Figurines of former pro-Russian separatist commander Igor Strelkov from the collection entitled "Toy Soldiers of Novorossiya" on display at a workshop in Moscow, August 29, 2014.
Sergei Karpukhin / Courtesy Reuters

By now, most observers of the ongoing conflict between Russia and Ukraine assume that Russian President Vladimir Putin aims to annex the Donbas region of Ukraine and, possibly, other parts of the country’s southeast, which his regime has taken to calling “New Russia.” But that leaves open two questions: First, why didn’t Putin invade Ukraine immediately after he seized Crimea in early March; and second, why, if he intends to hold the Donbas, would he allow his proxies to shell cities, kill civilians, and destroy mines, plants, schools, and other infrastructure?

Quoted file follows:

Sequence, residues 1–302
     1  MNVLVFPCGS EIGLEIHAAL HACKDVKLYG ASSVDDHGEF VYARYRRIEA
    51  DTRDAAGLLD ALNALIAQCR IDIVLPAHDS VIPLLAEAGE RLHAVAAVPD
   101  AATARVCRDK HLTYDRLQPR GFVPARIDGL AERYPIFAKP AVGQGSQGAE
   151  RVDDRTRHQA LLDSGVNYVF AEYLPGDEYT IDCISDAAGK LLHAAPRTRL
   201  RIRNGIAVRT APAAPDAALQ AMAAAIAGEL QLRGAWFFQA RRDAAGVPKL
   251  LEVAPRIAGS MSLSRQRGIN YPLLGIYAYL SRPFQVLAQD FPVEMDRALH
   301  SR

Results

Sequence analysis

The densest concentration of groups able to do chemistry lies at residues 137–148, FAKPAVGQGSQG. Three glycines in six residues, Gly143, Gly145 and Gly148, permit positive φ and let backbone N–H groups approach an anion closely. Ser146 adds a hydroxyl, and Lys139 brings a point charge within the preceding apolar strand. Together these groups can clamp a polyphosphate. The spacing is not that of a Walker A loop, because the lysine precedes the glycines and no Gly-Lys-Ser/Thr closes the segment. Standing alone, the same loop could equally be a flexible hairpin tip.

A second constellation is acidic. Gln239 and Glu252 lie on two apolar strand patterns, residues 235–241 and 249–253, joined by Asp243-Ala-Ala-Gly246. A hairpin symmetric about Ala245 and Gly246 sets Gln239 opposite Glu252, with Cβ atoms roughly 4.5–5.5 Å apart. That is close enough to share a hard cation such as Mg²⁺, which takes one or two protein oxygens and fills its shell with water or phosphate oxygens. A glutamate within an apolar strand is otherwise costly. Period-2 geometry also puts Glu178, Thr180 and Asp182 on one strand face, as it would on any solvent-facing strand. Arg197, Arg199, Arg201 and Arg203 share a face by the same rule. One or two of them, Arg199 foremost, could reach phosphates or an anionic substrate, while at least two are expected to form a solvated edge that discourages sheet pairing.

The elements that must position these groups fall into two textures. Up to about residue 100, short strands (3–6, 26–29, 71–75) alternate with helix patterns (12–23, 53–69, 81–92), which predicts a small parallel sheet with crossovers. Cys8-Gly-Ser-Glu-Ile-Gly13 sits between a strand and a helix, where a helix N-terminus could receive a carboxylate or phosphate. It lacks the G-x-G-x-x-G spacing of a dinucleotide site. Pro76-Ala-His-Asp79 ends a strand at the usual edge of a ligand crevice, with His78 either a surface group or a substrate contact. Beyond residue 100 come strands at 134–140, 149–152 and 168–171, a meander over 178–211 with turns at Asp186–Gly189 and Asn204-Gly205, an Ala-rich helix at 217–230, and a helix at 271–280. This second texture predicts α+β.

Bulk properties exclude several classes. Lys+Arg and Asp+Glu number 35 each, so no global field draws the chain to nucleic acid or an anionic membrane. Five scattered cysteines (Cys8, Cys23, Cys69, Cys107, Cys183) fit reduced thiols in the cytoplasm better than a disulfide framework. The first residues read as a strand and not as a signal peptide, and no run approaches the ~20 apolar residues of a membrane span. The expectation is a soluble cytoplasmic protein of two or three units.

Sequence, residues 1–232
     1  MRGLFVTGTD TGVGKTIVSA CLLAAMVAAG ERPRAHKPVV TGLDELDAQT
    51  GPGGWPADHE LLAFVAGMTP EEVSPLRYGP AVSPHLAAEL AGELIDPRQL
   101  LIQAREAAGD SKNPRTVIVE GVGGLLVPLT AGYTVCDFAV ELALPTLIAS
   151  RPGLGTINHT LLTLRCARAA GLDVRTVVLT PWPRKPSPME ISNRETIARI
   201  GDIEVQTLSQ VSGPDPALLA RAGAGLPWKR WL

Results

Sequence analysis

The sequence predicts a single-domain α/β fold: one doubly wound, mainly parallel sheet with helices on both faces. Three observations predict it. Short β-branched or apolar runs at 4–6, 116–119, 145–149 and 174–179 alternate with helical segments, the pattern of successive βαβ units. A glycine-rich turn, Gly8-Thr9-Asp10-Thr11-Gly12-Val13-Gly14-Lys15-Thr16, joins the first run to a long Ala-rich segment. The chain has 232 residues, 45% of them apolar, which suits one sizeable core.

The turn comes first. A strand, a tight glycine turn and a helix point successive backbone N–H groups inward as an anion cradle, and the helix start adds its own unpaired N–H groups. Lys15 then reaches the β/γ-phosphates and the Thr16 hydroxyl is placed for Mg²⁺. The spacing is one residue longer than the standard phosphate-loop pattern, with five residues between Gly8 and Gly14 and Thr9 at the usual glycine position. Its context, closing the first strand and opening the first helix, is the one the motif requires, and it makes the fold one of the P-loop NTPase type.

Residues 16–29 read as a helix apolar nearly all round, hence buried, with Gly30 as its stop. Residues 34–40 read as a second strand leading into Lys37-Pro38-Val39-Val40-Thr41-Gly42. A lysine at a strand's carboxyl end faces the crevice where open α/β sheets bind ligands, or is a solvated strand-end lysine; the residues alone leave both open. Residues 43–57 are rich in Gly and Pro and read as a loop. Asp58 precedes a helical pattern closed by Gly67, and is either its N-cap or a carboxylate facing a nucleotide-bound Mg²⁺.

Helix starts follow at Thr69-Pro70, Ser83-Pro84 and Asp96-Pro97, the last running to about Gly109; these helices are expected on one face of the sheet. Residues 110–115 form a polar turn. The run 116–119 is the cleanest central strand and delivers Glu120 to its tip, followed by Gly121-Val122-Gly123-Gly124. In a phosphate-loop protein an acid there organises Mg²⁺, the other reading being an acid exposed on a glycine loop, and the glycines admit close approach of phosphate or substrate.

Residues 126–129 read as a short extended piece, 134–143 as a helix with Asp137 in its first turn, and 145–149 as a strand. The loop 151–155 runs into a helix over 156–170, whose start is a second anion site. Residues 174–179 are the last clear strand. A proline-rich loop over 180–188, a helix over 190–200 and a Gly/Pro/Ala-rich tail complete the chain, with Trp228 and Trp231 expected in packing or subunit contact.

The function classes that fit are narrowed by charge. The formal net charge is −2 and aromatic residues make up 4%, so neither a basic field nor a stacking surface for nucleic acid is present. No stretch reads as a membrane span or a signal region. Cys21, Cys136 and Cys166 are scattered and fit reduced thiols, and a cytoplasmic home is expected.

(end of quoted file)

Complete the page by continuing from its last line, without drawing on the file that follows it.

In a recent interview with Marat Gelman, a political commentator for the liberal Russian publication Novoye Vremya, Vladimir Lukin, a veteran policymaker who served as Putin’s human rights commissioner from February 2004 to March 2014 and who represented Russia in the West’s negotiations with Ukrainian President Viktor Yanukovych and the democratic opposition on February 20, offered some answers.

According to

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